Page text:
Tag: False Forget-Me-Not
How can you not love Virginia Bluebells (Mertensia virginica)? They are coming into their own in our garden right now. The clusters of soft blue tubular flowers are fantastic, especially combined with the pink and purple buds.
When we moved into our current house, the front foundation planting consisted of clipped Japanese Yews (Taxus cuspidata). One of the first things I did was cut down the Yews and replace them with a planting of Ostrich Ferns (Matteuccia struthiopteris) and various shade perennials.
A classic spring combination consists of ferns, bleeding hearts (Lamprocapnos spectabilis) and Virginia Bluebells (Mertensia virginica).
In several recent posts I have discussed the glacial (pun intended) pace of spring this past April. On Tuesday and Wednesday, though, temperatures suddenly jumped up to the upper 80s (about 30 degrees Celsius for you foreign types). On Monday morning, it was in the 40s and spring was just sitting in the corner, timidly …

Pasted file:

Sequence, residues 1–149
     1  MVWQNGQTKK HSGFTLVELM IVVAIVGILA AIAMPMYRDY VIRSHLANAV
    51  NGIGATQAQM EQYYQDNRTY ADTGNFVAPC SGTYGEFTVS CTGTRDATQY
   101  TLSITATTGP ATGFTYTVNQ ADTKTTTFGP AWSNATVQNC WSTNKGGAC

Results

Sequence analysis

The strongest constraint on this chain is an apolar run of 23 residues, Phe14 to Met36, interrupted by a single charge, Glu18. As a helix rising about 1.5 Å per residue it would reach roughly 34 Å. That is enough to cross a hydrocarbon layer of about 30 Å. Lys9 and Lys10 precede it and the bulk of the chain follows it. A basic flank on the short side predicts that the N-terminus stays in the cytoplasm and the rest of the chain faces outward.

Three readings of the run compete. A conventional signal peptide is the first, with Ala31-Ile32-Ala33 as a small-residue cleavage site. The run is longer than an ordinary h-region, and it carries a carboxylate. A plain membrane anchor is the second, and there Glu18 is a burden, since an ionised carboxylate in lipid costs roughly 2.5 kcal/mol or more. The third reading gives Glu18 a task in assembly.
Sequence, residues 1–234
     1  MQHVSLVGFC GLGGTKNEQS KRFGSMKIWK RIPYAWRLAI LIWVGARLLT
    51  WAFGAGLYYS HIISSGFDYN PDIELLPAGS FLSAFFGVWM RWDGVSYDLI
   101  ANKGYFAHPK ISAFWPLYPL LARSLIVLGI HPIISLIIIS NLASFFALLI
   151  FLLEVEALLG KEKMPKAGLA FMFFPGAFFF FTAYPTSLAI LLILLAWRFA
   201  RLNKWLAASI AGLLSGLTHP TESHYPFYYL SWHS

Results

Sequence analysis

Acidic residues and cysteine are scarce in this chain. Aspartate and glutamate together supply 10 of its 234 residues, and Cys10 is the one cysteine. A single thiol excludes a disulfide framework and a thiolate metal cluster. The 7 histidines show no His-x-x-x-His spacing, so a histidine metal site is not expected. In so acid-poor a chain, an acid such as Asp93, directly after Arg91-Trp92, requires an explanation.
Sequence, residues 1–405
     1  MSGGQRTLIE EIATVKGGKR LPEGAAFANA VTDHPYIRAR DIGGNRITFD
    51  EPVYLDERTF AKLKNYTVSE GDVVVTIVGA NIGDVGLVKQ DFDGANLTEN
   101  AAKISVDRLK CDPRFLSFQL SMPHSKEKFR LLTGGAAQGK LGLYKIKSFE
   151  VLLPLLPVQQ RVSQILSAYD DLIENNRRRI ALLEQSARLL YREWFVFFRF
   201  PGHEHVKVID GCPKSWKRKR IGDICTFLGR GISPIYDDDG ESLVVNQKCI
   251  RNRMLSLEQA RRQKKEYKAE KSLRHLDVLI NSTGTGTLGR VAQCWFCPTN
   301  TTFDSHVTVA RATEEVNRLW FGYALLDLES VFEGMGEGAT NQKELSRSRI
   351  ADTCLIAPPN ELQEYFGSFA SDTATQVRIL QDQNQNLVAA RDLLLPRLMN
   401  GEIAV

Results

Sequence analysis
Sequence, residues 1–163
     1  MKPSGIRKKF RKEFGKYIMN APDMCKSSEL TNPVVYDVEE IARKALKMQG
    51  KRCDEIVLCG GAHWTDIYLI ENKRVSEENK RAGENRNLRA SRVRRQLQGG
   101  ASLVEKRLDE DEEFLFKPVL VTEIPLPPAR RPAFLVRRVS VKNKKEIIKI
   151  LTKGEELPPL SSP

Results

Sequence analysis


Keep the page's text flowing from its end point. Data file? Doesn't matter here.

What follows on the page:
Tomorrow is Bloom Day, a chance for us to give a monthly overview of everything in flower in their gardens. Garden Bloggers Bloom Day is hosted by May Dreams Gardens, where you can find a link to Bloom Day posts from around the world.
Virginia Bluebells (Mertensia virginica) and Old-Fashioned Bleeding Hearts (Lamprocapnos spectabilis) are among the most endearing blooms of spring.
The Wild Columbine (Aquilegia canadensis) was looking mighty fine last weekend. I really have nothing new to say about this plant. Just: isn’t it marvelous?
There are three patches of spring-blooming ornamental onions, or Alliums, in our garden.
Book Review: The Perennial Matchmaker, by Nancy J. Ondra Gardening is about bringing plants together into satisfying partnerships. If you were to peek into the mind of the typical gardener, as he or she stares off into the middle distance, you would most likely find thinking something like: “What on earth can I put in …
This is one of the busiest weeks of the year at work, so I’m doing another short post. First of all, I wanted to show you a picture of our new fountain, all settled in and with the Cinnamon Ferns (Osmundastrum cinnamomea) growing up around it. The birds seem quite happy with this new source …